Preventing Restaurant Employee Theft

March 21, 2012 Brooklyn Eagle Staff
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By Prof. Patrick O’Halloran
Professor of Hospitality
New York City College of Technology

BROOKLYN — The National Restaurant Association estimates that internal employee theft is responsible for up to 75 percent of inventory shortage, which is approximately 4 percent of total restaurant sales. In a recent anonymous survey, which was sponsored by the National Food Service Security Council, 49 percent of respondents answered “yes” to the question, “I can steal from my employer anytime I want.” With the proper controls in place one can ensure that employee theft will be a rare occurrence.

Important steps that should be taken to eliminate/prevent employee theft in your restaurant:

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•    Your restaurant should have security cameras installed at all the key points within your establishment.  All employees should be informed that these cameras are in place.

•    Food inventory must be recorded.  Purchase orders, usage and waste must be accounted for and a paper trail and computer printout must be reviewed on an ongoing basis.  Data should be updated at the close of each shift.

•    All sales must be recorded.  All food and beverage sales should be tracked through your point-of-sale system.  The mantra here should be “no freebies” without your knowledge.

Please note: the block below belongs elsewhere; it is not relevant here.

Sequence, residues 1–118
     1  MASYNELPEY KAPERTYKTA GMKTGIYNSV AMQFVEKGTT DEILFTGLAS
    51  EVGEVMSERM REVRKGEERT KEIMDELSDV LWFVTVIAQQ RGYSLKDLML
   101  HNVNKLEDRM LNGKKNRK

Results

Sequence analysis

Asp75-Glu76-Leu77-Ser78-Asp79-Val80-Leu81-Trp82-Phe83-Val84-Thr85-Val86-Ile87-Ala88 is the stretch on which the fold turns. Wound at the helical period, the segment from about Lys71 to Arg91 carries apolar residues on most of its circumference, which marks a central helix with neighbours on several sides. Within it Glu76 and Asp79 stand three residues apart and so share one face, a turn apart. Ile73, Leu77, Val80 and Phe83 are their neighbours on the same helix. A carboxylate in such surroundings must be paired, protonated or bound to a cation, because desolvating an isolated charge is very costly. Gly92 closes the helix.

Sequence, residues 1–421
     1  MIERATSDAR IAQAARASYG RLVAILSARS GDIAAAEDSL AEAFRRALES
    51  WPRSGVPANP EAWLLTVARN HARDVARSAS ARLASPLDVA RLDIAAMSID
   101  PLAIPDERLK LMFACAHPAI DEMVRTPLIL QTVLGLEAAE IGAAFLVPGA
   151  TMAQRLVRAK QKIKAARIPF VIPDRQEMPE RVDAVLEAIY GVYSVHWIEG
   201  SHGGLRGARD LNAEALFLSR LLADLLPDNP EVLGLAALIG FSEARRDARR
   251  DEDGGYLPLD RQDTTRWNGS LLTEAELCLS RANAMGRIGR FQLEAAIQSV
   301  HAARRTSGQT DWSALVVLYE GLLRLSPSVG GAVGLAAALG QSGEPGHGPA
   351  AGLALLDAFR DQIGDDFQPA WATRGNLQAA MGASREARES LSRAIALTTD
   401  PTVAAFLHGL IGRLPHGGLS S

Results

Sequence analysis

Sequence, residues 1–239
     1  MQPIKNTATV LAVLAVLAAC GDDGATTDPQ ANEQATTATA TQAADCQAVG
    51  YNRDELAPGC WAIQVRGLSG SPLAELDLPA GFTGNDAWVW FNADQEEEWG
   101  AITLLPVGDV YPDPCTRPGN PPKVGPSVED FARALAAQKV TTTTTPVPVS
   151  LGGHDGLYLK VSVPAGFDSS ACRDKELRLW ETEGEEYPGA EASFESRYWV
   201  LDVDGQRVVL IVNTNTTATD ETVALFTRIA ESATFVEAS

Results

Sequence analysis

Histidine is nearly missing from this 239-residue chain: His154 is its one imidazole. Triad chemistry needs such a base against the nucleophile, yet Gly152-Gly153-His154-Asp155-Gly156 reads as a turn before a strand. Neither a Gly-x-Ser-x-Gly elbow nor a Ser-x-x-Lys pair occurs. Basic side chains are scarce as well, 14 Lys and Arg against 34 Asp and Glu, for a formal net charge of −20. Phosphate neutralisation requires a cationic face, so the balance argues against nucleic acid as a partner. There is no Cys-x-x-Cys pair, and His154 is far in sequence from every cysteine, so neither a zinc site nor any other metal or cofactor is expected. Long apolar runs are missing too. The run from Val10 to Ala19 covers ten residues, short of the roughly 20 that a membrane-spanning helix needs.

•    With regard to your PCI (Payment Card Industry Security Standards), the restaurant computer firewalls and other safety precautions should be periodically updated to ensure that your customers’ credit/debit card information is not hacked or stolen.

•    The owner or senior manager(s) should have access to the safe. There must be limited access to cash drawers and the restaurant safe.  With regard to cash drawers only the assigned employee should be allowed to complete transactions from “their” cash drawer.  The fewer hands that touch the cash, the less the chance it will be stolen.

•    For complete accountability of all cash handled by employees you should ensure that a receipt is provided for every transaction.

•    You should use a drop-safe so that you will limit the amount of accumulated cash in any register.

•    One should always check and review cash-to-sale ratios.  Discrepancy here along with unusually frequent refund transactions is a red flag for employee theft.

•    All applicants must be screened properly before they are offered a position within your restaurant.

•    To prevent over- or under-pouring of liquor, you should have a house policy that jiggers must be used at all times.

•    To ensure that all drink and food is rung up for patrons at all times, a check must be opened once an order is placed.

•    Secret shoppers/mystery shoppers pose as customers who record their observations and rate the restaurant, food and employees.  These shoppers can also observe the employees with regard to trends or loopholes that allow for employee theft.

•    Clear signs should be posted indicating areas that are open to the public and employees.  Storage/supply rooms and offices should be kept locked so as to limit access.

If your employees know that there is a theft security system in place, then most will not attempt to steal.

Professor Patrick O’Halloran teaches at New York City College of Technology in Brooklyn. His latest book is titled Detailed Job Descriptions in the Hospitality Industry. His email address is [email protected]

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